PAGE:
eyes.jpgThe general style of indie horror games has taken two paths recently. One is the pixelated, atmospheric mind trickery of the now-classic Imscared and the recent, excellent I See You. The other branch is the more "realistic", hide-and-seek, collect-and-find style of Slender and its descendents. Eyes - The Horror Game is more rooted in the latter camp, and it's better than any Slender game yet devised.

Version 2.0 of Eyes was just released, and now I feel comfortable calling the game a small horror masterpiece. Eyes is really more mini-Amnesia than Slender-game. You are being stalked by an invincible supernatural being while searching for a collection of items, but there's a lot more to it than just picking things up and running. Set in the confines of an old mansion, rather than in an open outdoor area, Eyes strongly encourages not only running, but hiding from the monster. It's a good idea to get a handle on the layout of the mansion so you don't run blindly around in a panic. Fortunately, you are aided by a handy map that is conveniently drawn for you as you explore.

The controls are intuitive and smooth: move with WASD and look around with the mouse, as is customary; click to interact with objects when an icon appears indicating the possibility; press space to jump, though this is rarely useful; hold shift to run, which is frequently very useful; press P to pause the game and bring up the menu; and press M to access your hand-drawn map. Finally, the Q key accesses "ghost vision", one of the game's highlights. By collecting and using the eye sigils drawn on walls (and other things) around the mansion, you get to look through the creature's eyes for a few seconds. This view reminded me of the original Evil Dead's "Force"-POV. Not only is this cool, but it can come in handy. Once you are more familiar with the mansion, you will be able to place your stalker within it by activating an eye and seeing what they see.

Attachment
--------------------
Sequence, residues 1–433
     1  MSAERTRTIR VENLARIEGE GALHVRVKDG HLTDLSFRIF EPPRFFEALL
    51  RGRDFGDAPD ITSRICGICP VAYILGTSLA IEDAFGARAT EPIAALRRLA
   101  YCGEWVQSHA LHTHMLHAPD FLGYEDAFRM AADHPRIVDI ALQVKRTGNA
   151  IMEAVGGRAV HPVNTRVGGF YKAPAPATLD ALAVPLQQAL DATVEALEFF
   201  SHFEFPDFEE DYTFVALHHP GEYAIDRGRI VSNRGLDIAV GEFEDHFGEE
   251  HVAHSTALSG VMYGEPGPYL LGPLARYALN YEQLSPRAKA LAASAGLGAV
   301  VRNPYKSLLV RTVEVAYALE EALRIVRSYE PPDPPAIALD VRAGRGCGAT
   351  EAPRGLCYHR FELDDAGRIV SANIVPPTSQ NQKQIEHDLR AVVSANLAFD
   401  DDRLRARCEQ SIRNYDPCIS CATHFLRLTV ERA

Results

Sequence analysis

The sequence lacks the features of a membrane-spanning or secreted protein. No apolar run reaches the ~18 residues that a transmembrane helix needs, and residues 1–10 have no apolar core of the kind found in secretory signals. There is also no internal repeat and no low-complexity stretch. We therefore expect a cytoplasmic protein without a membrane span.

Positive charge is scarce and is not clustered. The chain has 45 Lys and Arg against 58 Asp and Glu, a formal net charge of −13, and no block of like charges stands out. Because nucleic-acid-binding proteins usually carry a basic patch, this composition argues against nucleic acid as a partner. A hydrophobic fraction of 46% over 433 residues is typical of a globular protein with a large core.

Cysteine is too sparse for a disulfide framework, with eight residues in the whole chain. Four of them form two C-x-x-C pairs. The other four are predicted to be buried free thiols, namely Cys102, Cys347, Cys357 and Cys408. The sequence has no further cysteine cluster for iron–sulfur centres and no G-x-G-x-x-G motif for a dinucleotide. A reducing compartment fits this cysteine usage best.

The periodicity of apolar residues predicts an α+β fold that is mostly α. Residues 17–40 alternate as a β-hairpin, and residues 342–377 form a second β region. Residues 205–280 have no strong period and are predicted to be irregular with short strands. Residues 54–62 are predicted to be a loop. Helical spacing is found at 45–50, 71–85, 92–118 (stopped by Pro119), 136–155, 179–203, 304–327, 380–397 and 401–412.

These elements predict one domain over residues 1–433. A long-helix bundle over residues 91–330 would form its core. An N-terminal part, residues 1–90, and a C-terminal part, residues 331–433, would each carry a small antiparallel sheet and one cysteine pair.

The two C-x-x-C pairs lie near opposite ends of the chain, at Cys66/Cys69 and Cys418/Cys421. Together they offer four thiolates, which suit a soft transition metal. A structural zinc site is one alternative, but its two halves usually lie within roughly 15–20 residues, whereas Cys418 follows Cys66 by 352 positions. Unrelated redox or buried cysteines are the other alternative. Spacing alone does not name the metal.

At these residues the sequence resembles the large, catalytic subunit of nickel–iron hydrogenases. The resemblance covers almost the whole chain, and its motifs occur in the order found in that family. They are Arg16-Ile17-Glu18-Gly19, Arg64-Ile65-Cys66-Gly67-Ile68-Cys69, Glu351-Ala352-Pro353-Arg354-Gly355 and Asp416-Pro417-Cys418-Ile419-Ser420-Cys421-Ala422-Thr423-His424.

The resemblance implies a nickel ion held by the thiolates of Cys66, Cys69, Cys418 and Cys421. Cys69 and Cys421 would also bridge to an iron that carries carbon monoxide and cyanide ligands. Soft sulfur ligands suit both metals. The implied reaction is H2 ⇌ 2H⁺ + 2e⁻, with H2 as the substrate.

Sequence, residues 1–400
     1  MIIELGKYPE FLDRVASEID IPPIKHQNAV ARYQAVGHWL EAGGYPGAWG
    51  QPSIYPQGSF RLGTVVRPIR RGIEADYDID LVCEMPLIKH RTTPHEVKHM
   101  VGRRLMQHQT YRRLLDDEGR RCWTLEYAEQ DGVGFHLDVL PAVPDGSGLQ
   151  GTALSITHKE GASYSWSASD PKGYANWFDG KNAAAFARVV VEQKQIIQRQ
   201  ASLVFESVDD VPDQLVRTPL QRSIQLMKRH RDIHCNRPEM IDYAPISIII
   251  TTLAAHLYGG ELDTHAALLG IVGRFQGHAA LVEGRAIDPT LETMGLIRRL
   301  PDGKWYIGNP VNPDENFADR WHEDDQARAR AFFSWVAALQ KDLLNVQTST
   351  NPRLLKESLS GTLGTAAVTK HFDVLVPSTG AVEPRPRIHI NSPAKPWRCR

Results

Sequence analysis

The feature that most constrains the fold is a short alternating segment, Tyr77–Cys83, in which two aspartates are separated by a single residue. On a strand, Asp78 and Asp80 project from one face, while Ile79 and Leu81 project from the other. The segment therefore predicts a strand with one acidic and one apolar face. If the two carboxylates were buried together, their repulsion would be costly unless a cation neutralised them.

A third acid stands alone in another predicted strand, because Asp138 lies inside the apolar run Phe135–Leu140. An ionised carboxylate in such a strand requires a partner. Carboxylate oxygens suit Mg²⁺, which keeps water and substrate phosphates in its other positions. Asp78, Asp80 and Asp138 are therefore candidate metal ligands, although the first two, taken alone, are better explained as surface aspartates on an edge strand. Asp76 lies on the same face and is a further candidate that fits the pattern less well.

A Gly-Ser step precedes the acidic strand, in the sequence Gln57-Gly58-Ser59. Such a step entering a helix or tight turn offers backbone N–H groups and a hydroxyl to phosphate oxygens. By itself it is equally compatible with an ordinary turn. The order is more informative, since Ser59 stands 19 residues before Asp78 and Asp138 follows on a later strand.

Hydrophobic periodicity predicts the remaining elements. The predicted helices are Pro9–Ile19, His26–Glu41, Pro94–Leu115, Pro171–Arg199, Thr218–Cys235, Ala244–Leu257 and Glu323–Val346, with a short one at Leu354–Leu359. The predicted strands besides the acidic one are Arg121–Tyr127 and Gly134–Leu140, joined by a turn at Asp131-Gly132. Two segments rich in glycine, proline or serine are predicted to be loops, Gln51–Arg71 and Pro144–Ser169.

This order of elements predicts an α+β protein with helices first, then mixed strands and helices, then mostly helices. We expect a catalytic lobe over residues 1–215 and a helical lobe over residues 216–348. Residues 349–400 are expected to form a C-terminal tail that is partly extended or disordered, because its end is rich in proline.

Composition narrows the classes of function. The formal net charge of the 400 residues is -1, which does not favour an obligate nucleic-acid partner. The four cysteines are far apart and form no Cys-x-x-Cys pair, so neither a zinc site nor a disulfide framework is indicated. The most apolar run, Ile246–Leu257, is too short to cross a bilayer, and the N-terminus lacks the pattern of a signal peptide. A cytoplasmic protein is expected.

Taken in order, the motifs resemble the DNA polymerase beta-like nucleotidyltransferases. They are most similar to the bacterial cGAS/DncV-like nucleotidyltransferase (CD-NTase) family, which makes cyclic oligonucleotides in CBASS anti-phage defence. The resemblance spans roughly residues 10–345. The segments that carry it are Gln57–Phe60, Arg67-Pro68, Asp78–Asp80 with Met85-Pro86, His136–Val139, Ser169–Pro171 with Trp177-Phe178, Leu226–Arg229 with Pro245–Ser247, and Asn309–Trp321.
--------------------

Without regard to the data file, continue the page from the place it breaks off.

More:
Expertly crafted in Unity by developer Paulina Pabis, Eyes is lush, atmospheric, and immersive. The graphics are solid and the lighting effects are indispensable in creating the game's terrifically creepy atmosphere. The excellent sound design really shows how important audio is to the horror genre. When all of these elements combine with the gameplay, the tension can become nearly unbearable as you search around a dark room and begin to hear objects rattling, more and more insistently, alerting you to the beast's approach. And when the game tells you to RUN! you better run.

There are other little flourishes that add to the overall feel and quality of the game. For example, take note of the time signatures on the instant messages being exchanged during the game's intro sequence (don't click the mouse or you'll skip it).

Eyes has a rather thin premise (you are robbing the house, so you are looking to collect a certain number of moneybags) but it features a fantastic atmosphere, good scares, and absorbing gameplay. The game is available as a $0.99 iPhone app and as a $0.99 Android app, but us lucky Windows, Linux, and Mac gamers get to download it (or play it online) for free!